A round table conversation exploring the intersection of race, gender identity, and sexuality. Participants will share and discuss the multiple ways race and culture inform gender identity/ expression, and seek to understand challenges surrounding sexual orientation/preference. Specific topics will include (but are not limited to): language, coming out, gender roles, and cultural socialization.

Gay and FTM: How to Relax and Meet the People You are Attracted To
Dale Bogucki and Miles Newman, La Fraternitie du Loup-Garou

Hate going out because you are not sure you will even be able to talk to someone? Freaking out even though you pass you are “sure” you won’t in a mostly male space? Think you will never be able to disclose? Think that when you do disclose the entire bar will know? Learn that you are not alone, you are not the first, and the community is more receptive than you think. We have been there and we will tell you all about the best ways to disclose, good ways to disclose, and when not to disclose. Also, learn about cruising, specific body language, and how to know if someone is cruising you.

Intersex 101: Similarities & Differences Between Intersex and Trans People
Vickie Boisseau

This workshop will explore the social, legal, and medical issues faced by many Intersex people, as well as the similarities, and differences between Intersex and Trans people.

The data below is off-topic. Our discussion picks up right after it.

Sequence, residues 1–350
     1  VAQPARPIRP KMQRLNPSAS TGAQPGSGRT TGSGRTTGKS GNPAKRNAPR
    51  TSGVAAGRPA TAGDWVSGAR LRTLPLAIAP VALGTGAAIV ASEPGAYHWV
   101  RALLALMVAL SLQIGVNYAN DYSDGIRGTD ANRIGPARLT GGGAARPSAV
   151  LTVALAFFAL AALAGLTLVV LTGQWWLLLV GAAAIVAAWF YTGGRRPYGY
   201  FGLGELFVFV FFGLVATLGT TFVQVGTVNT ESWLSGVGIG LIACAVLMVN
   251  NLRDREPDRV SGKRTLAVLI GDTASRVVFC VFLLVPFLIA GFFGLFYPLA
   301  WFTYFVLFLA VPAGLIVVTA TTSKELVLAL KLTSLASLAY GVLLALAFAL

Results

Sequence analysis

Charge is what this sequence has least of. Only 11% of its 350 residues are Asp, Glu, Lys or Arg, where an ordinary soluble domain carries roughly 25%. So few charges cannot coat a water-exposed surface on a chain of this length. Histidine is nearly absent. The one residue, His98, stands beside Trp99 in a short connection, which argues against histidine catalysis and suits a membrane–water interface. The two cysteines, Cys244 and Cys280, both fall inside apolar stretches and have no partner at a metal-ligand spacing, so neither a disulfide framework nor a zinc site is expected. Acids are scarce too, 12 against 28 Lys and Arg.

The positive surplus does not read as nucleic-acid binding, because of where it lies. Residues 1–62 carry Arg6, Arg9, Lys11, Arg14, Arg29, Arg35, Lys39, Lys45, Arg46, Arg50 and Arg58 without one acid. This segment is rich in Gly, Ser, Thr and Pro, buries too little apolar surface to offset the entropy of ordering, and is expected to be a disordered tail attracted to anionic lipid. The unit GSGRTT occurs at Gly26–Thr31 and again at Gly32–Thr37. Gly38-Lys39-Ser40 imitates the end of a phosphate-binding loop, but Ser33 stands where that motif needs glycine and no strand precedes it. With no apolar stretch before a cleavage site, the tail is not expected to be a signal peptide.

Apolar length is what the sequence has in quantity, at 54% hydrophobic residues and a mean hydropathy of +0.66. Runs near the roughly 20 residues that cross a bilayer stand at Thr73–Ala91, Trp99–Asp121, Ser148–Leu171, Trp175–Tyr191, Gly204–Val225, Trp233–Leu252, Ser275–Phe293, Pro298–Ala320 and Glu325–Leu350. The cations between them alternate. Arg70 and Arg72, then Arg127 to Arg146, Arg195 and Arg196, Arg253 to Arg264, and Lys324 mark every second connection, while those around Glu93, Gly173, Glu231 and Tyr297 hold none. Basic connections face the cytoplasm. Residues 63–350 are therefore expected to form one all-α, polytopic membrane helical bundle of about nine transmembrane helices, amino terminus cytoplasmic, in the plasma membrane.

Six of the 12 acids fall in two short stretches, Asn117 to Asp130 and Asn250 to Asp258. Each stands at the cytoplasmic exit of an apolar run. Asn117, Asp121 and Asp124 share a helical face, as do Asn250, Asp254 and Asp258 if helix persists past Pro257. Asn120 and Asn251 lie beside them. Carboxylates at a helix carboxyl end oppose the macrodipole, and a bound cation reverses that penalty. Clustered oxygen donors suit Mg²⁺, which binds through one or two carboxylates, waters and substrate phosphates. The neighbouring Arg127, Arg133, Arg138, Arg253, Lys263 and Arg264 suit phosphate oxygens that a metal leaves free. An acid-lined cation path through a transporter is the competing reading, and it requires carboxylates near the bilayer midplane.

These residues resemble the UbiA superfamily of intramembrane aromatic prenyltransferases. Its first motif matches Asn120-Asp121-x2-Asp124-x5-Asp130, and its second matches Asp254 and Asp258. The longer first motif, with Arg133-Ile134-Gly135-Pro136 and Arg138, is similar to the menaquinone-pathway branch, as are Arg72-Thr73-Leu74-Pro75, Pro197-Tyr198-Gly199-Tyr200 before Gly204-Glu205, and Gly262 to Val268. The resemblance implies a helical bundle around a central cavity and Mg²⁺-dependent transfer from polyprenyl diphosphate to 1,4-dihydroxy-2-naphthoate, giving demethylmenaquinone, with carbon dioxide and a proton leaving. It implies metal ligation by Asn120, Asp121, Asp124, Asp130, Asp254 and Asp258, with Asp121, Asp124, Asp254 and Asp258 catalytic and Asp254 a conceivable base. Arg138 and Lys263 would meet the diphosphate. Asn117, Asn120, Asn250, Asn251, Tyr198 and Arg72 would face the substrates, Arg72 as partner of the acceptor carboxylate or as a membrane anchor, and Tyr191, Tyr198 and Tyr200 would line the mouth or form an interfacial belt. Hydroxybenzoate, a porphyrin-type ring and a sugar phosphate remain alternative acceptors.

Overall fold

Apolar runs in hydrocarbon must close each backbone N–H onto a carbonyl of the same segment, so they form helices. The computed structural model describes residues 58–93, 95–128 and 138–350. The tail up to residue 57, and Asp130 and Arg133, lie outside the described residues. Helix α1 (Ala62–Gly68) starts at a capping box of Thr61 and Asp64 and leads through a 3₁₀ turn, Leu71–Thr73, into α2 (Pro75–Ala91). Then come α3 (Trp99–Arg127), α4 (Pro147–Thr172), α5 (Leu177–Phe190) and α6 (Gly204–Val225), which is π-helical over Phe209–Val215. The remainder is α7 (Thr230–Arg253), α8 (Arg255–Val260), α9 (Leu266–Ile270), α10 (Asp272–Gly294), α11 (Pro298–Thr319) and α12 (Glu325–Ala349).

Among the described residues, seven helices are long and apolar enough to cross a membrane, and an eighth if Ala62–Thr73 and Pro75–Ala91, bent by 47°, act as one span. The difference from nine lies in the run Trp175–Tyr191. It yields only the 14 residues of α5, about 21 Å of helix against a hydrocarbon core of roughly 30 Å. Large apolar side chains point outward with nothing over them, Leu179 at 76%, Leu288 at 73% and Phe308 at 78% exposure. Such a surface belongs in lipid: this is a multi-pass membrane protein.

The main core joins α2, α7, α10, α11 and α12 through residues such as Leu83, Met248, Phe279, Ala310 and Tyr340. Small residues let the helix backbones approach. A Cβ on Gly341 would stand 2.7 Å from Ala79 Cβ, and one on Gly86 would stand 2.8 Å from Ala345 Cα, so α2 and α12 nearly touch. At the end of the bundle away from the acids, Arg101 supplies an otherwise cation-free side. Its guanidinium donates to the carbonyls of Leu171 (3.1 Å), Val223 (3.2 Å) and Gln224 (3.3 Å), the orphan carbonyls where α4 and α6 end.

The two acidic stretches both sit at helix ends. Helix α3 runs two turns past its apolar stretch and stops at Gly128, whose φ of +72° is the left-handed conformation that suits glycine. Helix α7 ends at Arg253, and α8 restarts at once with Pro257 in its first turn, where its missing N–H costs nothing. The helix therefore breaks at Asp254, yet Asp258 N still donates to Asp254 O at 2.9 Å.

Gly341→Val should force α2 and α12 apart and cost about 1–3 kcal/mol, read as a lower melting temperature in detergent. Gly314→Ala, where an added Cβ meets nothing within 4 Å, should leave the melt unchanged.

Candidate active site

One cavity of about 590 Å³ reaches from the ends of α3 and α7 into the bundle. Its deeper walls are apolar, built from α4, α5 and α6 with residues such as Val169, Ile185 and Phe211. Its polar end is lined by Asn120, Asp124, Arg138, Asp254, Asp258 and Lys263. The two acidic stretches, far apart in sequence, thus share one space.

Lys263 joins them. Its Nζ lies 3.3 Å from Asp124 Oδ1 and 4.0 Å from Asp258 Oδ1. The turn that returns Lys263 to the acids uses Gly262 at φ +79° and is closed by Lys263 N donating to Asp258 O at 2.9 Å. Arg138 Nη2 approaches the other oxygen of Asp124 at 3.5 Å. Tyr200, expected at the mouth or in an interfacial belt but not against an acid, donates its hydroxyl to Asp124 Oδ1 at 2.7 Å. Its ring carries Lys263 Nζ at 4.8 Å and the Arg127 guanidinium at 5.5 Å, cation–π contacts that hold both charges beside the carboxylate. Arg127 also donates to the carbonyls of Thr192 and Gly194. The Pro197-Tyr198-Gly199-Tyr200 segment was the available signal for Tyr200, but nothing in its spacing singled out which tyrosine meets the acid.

Trans Women Now
Cara Sande Greenberg

Trans women come in all shapes and sizes and transition is never a straight line. We will be holding a panel discussion on the lives and needs of trans women. Topics will include transphobia, appearance and presentation, safe spaces, health services, and trans women’s relationship to the broader T and the LGB communities.

Partners’ Experience: Limited Disclosure and Stealth
Ariel Baumwell, Co-Facilitator, TransOhio Partners’ Discussion Group

A discussion session on the experiences of partners and relationships where one or more partner prefers not to disclosure their trans status or does so in a very limited capacity. Topics include: Finding medical care, activism and community with limited disclosure, damage control when forcibly outed, stigmas and stereotypes, children and limited disclosure. Other topics related to limited disclosure are also welcome. This discussion session is open to all.

CSW, Office of Continuing Education is a provider with the State of Ohio Counselor, Social Worker, Marriage & Family Therapist Board. Provider Number: RSXX-038706 (Social Worker) and RCX-100503 (Counselor).

CLE’s are being sponsored by the LGBT Committee of the Columbus Bar Association.